It will be interesting to see if he and Wiley share metrics from the experiment. Guessing again, but I’m betting they won’t.

I haven’t read Newsjacking, but I know David and have read his other books. He told me this book is priced right (currently $7.99 on Amazon) and that it’s a short read. My friend Joe Pulizzi apparently scored a copy and said it was a two-hour read at most in his Amazon review. The topic is probably not deep enough for a full-blown, 300-pager, so that doesn’t surprise me.

But Scott knows PR well. And his knowledge of the subject matter at hand here makes me think this is probably a book worth buying, especially for that small business looking to get a leg up on PR without having to spend a bunch of money on a firm or consultant.

I’m not much of an e-book reader myself, but I’m going to give this one a whirl. Knowing David, I won’t regret dropping $7 on it.

NOTE: All links above are affiliate links. I like cheeseburgers.

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About Jason Falls

Jason Falls

Jason Falls is a leading thinker, speaker and strategist in the world of digital marketing and is co-author of two books, No Bullshit Social Media: The All-Business, No-Hype Guide To Social Media Marketing and The Rebel's Guide To Email Marketing. By day, he leads digital strategy for Elasticity, one of the world's most innovative digital marketing and public relations firms. Follow him on Twitter (@JasonFalls).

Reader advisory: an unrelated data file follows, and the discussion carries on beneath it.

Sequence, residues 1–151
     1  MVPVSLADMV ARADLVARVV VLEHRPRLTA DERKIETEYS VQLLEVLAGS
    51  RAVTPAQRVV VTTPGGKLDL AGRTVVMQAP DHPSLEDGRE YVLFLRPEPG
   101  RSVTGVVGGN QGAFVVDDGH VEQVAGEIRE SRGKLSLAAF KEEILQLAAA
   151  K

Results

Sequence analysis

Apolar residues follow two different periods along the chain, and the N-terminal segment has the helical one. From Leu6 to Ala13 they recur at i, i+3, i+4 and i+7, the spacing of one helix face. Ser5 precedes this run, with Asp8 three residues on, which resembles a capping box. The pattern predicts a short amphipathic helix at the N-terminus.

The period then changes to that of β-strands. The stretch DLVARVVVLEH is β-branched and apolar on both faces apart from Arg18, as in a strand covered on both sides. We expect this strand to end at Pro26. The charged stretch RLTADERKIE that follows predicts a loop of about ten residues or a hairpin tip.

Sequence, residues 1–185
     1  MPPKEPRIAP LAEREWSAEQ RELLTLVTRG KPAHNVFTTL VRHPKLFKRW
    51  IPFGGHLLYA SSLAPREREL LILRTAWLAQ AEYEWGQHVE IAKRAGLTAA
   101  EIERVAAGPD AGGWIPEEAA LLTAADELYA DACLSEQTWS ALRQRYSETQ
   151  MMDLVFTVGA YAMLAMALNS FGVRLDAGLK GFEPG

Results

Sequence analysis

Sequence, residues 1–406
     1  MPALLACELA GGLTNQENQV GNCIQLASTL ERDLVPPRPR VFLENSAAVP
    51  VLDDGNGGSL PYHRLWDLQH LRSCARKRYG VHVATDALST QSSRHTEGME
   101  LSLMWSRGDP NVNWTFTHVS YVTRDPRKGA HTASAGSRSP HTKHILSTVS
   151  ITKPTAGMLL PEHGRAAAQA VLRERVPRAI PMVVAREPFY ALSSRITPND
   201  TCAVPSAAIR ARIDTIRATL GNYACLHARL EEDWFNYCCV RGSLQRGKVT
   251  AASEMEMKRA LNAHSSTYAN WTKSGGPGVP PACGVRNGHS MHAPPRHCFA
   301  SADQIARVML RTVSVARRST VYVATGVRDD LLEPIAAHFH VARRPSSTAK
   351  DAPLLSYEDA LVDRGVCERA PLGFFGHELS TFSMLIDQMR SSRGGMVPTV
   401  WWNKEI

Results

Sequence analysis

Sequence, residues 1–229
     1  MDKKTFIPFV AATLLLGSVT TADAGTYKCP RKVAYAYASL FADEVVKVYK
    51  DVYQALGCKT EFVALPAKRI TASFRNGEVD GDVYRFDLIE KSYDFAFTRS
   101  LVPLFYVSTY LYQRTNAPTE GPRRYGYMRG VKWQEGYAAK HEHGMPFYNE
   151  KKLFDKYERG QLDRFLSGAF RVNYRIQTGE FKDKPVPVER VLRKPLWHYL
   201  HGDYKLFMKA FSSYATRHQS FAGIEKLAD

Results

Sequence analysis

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Comments on Social Media Explorer are open to anyone. However, I will remove any comment that is disrespectful and not in the spirit of intelligent discourse. You are welcome to leave links to content relevant to the conversation, but I reserve the right to remove it if I don't see the relevancy. Be nice, have fun. Fair?

  • David Meerman Scott

    Hey Jason, thanks so much for this thoughtful analysis. You’re right that is an experiment for both me and for Wiley. We’ll see…

    I’d like to go on record saying that I do not predict the death of print. Heck, I subscribe to the daily print Boston Globe, and print magazines including the Week, Surfer, Rolling Stone, Vanity Fair and a few others. TV didn’t kill radio. It is a both / and not an either / or. 

    I do think that the interactive nature of the current generation of ereader provides some great things (like linking to content I talk about in the book) but it does not mean the end of paper.

    • http://socialmediaexplorer.com JasonFalls

      Fair enough, sir. I’m excited to see how the project turns out. Hope you guys will share for those of us interested. Get on a flight tomorrow and will have my copy to read! Thanks for pushing the envelope for us.

      • David Meerman Scott